From the diaries by susanhbu. Last night, Nightline presented a documentary on human rights violations in Burma. “The Giant Slayers” is the story of a young lawyer, Katie Redford, and a Burmese human rights activist, Ka Hsaw Wa, who fell in love but waited to get married until they filed suit against UNOCAL on behalf of the people in Burma who had suffered at the hands of demonstrable collusion between the transnational corporation and the Burmese military. They formed a group, Earth Rights International, and filed Doe v. Unocal. The suit was based on an arcane 18th century law that would hold US companies accountable for human rights violations committed overseas. While one wrote a law school paper on the arcane law, the other gathered evidence against UNOCAL.

Below, the Bolton connection:

It all began 10 years ago, deep in the heart of the Burmese jungle. A consortium of oil companies, which included U.S. based Unocal, was building a gas pipeline across Burma. To help get the job done, human rights activists claim the notorious Burmese military did what ever it felt was necessary. This included burning down villages along the pipeline’s path, forcing people to work on it for no pay and jailing, torturing, even killing those who refused. At the same time, a young, idealistic American law student, Katie Redford, decided to spend her summers documenting human rights abuses in Burma. She soon met, Ka Hsaw Wa, a local hero and the only known Burmese human rights worker known to be sneaking into his country and informing international organizations about his findings.

They thought the law suit would take only a couple of years but it took 10. During those years they built a family, (they have two children, a boy and a girl) and a non-profit organization. Just before the settlement in March 2005, UNOCO was bought by Chevron Texaco and many think there is a direct connection between the sale and the settlement. —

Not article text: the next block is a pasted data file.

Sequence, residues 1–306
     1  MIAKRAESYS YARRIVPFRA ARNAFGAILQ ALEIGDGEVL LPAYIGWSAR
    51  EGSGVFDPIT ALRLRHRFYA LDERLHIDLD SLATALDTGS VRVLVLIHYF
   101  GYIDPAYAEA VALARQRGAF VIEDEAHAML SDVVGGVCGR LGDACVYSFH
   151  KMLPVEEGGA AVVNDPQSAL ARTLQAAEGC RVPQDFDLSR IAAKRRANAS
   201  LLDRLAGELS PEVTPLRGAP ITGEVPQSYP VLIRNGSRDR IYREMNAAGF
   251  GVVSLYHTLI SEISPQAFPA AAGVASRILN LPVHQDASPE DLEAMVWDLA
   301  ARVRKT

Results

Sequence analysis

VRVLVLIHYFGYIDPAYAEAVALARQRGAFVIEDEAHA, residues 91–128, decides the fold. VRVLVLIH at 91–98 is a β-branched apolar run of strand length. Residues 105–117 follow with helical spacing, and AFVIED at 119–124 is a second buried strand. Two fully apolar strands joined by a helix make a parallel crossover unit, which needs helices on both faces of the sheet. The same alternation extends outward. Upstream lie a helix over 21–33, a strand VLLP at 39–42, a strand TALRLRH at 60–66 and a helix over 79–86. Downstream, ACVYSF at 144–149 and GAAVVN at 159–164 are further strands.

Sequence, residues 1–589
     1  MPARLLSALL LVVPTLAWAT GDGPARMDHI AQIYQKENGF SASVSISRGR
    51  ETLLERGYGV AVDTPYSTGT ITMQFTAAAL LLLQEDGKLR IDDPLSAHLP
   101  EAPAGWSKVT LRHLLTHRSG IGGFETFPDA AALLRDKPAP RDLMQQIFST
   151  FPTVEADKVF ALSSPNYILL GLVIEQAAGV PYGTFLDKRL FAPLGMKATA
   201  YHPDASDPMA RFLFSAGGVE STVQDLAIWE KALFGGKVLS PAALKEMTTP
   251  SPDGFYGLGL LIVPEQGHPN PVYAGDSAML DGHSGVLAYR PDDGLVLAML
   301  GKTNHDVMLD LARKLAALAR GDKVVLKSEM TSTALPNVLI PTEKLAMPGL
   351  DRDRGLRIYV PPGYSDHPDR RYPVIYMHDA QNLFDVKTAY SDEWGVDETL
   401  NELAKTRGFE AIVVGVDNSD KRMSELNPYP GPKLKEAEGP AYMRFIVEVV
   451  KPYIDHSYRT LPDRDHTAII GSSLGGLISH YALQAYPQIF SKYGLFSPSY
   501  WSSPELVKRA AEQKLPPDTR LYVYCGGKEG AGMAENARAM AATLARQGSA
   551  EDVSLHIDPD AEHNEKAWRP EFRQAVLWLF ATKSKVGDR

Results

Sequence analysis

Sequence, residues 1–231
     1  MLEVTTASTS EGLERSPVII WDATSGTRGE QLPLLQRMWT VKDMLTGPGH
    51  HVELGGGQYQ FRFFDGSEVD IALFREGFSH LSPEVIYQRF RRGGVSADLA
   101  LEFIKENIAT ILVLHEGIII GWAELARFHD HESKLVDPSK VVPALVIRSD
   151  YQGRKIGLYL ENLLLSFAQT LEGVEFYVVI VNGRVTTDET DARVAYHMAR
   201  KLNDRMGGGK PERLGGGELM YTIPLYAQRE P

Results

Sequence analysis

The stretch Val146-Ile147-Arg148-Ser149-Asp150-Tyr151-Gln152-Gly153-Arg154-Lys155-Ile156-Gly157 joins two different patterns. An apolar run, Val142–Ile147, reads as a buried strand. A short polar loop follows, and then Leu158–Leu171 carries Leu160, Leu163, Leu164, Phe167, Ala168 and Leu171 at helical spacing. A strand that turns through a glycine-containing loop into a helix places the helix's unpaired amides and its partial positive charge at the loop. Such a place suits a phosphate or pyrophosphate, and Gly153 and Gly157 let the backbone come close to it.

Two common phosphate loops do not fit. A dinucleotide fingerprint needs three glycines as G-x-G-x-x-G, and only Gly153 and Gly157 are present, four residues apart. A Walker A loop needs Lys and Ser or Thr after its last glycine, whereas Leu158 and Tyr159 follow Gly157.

Since the settlement, the USA (with Australia, and South Africa) voted against this April 20, 2005 UN resolution

In a resolution (E/CN.4/2005/L.87) on human rights and transnational corporations and other business enterprises, adopted by a roll-call vote of 49 in favour to three against, with one abstention, the Commission requested the Secretary-General to appoint a Special Representative on the issue of human rights and transnational corporations and other business enterprises[…] to identify and clarify standards of corporate responsibility and accountability for transnational corporations and other business enterprises with regard to human rights;

The full resolution is here.

You might be interested to know why the US voted against the resolution. This is the USA Explanation of Position on UN Resolution E/CN.4/2005/L.87:

Item 17 PDF  
Transnational Corporations, April 20, 2005
The United States has the strongest business regulatory environment in the world. U.S. corporations, whether working at home or abroad, are held to the highest standards of ethical behavior and respect for human rights. Corporations have an absolute and unambiguous responsibility to obey the law, and in so doing to honor the human rights of all individuals with whom they have contact.
We have been down this path many times in the UN, and it is both sad and undeniable that the anti-business agenda pursued by many in this organization over the years has held back the economic and social advancement of developing countries.[…]

The settlement, the UN resolution and the US explanation lead me to understand why the White House is insisting on John Bolton as Ambassador to the UN. I imagine the huddle of Karl Rove, and the three oil magnates, Bush, Cheney and Condi. They are saying “This  kind of lawsuit must never happen again! We will get our man in the UN to prevent it.” But the die is cast, the precedent set for the future regarding transnationals and how they treat people, thanks to this wonderful couple.

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